You could connect two motors together, driving the same shaft. The HPEVS "AC" series includes dual AC-34 and dual AC-35 motors, which are two motors built on the same shaft and in the same housing, but the same thing has been done with two separate motors mechanically connected together. Coordination of the two is easy, because they will always run at the same speed.

If I were going to go the expense and complication of having two motors and two controllers, I would want to get 4WD or at least independently driven wheels on one axle for my trouble.
 

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I don't think that off-the-shelf controllers for DIY builders typically have control logic to handle this... although I may be mistaken. Not many DIY builders use more than one motor.
It does not matter, since you command torque, not speed.

Each motor will output the desired torque, independent of each other.

My truck has two motors and two controllers, and they don't talk to each other at all.

Each one takes in a throttle signal from a dual gang pot.
 

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Discussion Starter #19
Do you mind sharing the make and model, or at least the size and type (length and Class A, B, or C) of the RV? It would help provide context.

Also, I've been guessing that "UND_Sioux" refers to the University of North Dakota, and that school's traditional name for its sports teams. That would place the likely location for the use of this RV in North Dakota. Is that correct?
I was trying to keep the Make and Model under the radar, but it will be in a classic mid-70's GMC Motorhome. They are front wheel drive based on the Oldsmobile Toranado package. The transmission basically wraps around the left side of the engine and then it is directly mated to a differential (final drive). That is one of the reasons for looking at electric motors. Nobody makes a transmission quite like the original TH425 that can handle the weight of a 10,000 lb motorhome. Unfortunately, without something really new and unique, they are stuck with the big block Oldsmobile 455 with a 3 speed and no overdrive.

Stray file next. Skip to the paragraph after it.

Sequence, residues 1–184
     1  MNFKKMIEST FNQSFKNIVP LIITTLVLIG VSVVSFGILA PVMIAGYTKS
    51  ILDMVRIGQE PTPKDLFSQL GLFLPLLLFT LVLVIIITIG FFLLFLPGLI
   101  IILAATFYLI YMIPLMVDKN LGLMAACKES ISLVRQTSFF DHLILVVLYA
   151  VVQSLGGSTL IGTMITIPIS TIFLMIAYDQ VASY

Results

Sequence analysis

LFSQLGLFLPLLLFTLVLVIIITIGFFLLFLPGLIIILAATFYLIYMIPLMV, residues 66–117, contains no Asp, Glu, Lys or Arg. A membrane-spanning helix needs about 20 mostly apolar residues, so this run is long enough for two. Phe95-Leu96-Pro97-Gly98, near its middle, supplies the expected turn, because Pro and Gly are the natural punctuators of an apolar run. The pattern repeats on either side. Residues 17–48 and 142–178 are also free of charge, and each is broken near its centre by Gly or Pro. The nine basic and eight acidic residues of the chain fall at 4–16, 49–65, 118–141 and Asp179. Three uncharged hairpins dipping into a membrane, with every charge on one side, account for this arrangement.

I went to UND, but I live in Texas.
 

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It does not matter, since you command torque, not speed.

Each motor will output the desired torque, independent of each other.

My truck has two motors and two controllers, and they don't talk to each other at all.

Each one takes in a throttle signal from a dual gang pot.
Assuming that this is your Solectria E-10 pickup, this is the easiest case of the motors driving the same shaft (to the rear axle in this case):
You could connect two motors together, driving the same shaft.
...
Coordination of the two is easy, because they will always run at the same speed.

If you have low enough expectations of the control system, it does not need to be sophisticated even if the motors are not mechanically linked. If one motor spins due to loss of traction, you can just let it go. If one controller has a problem, you can just let the other one drive... hopefully you're not using them to drive individual wheels.